WASHINGTON (Reuters) - Polar bears' designation as a threatened species was challenged in a U.S. appeals court on Friday, with a lawyer for Alaska and other parties arguing that regulators had failed to back up the listing.
Alaska and other plaintiffs that include hunters and the California Cattlemen's Association are appealing a federal court ruling last year that upheld the Interior Department's 2008 designation of the bears as threatened because their icy habitat is melting away.
Murray Feldman, a lawyer for Alaska and other appellants, told the U.S. Court of Appeals for the District of Columbia that the government had failed to show how the big white bears likely would be nearing extinction at the middle of this century.
The department's decision on the Arctic mammals was "arbitrary and capricious" since it was based on flawed models, Feldman said in oral arguments before a three-judge panel.
Katherine Hazard, a lawyer for the department's Fish and Wildlife Service, said that the designation relied on decades of research and long-term trends underpinned it.
"The agency needs to make a determination based on the best available science, which the agency did here," she said.
A designation that a species is threatens means that it is likely to become endangered within the foreseeable future in all or a significant part of its range.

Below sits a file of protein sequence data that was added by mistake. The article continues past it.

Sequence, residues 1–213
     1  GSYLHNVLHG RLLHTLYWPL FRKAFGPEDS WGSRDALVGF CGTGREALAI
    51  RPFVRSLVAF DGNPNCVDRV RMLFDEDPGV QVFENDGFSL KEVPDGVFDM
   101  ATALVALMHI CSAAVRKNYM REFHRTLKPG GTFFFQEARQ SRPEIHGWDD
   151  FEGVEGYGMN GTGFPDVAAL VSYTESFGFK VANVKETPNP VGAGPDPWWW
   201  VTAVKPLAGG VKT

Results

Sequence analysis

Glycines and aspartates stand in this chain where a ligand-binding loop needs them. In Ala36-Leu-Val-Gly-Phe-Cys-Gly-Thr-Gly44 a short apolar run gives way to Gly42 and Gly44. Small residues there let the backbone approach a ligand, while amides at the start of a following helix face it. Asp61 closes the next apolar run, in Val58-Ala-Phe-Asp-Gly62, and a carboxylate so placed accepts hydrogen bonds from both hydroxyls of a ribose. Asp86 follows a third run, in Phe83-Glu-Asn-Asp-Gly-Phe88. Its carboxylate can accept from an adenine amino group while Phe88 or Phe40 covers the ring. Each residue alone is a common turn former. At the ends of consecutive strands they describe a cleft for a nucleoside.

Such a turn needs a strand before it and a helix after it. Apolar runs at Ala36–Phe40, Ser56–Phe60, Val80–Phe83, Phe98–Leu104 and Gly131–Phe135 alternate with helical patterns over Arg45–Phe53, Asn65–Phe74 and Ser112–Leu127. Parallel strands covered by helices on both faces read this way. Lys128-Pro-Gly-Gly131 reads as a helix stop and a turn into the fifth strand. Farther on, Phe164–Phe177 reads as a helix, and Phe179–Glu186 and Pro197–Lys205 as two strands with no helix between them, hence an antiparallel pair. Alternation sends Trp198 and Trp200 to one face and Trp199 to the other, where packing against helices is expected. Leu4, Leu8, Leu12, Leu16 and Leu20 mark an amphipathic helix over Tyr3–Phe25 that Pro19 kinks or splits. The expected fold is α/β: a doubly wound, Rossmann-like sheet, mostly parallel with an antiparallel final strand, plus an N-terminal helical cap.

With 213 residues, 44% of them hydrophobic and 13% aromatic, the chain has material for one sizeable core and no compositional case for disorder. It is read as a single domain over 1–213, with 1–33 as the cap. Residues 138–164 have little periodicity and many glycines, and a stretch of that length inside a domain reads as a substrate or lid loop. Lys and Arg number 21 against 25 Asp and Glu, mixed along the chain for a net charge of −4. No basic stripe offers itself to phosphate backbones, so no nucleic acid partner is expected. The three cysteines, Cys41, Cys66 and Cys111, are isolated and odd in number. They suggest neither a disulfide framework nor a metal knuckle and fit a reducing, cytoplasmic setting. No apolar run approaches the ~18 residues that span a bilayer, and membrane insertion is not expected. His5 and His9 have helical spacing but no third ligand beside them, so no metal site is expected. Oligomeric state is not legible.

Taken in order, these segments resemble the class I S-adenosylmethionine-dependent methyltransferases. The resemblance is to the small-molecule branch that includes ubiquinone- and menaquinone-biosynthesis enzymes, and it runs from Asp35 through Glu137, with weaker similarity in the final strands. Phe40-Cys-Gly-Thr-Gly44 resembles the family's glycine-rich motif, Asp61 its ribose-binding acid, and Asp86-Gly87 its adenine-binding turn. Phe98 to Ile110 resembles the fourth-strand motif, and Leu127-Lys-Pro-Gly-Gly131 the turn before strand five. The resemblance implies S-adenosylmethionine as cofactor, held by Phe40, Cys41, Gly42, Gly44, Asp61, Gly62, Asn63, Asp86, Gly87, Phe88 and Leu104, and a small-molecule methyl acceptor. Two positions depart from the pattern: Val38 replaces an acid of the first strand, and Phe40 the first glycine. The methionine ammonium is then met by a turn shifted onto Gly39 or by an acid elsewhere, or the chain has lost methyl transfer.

Bruce Woods, a Fish and Wildlife spokesman, said the listing drew more attention to the bears' plight and also triggered funding for programs including patrols to limit contact with humans and a recovery plan for the bears.
Arctic sea ice shrank to a record low of 1.32 million square miles (3.41 million square km) by mid-September, the National Oceanic and Atmospheric Agency reported this month.
A decision by the appeals court is not expected for months.
Alaska and oil companies have argued that Endangered Species Act protections for polar bears diminish opportunities for Alaska energy development.
The state has said in its appeals court filing that bears have survived previous warming periods and most populations have grown or remained stable despite shrinkage of ice.
The case is Safari Club International et al v. Ken Salazar et al and Center for Biological Diversity et al, No. 11-5219.
(Reporting by Ian Simpson; Editing by Paul Simao)
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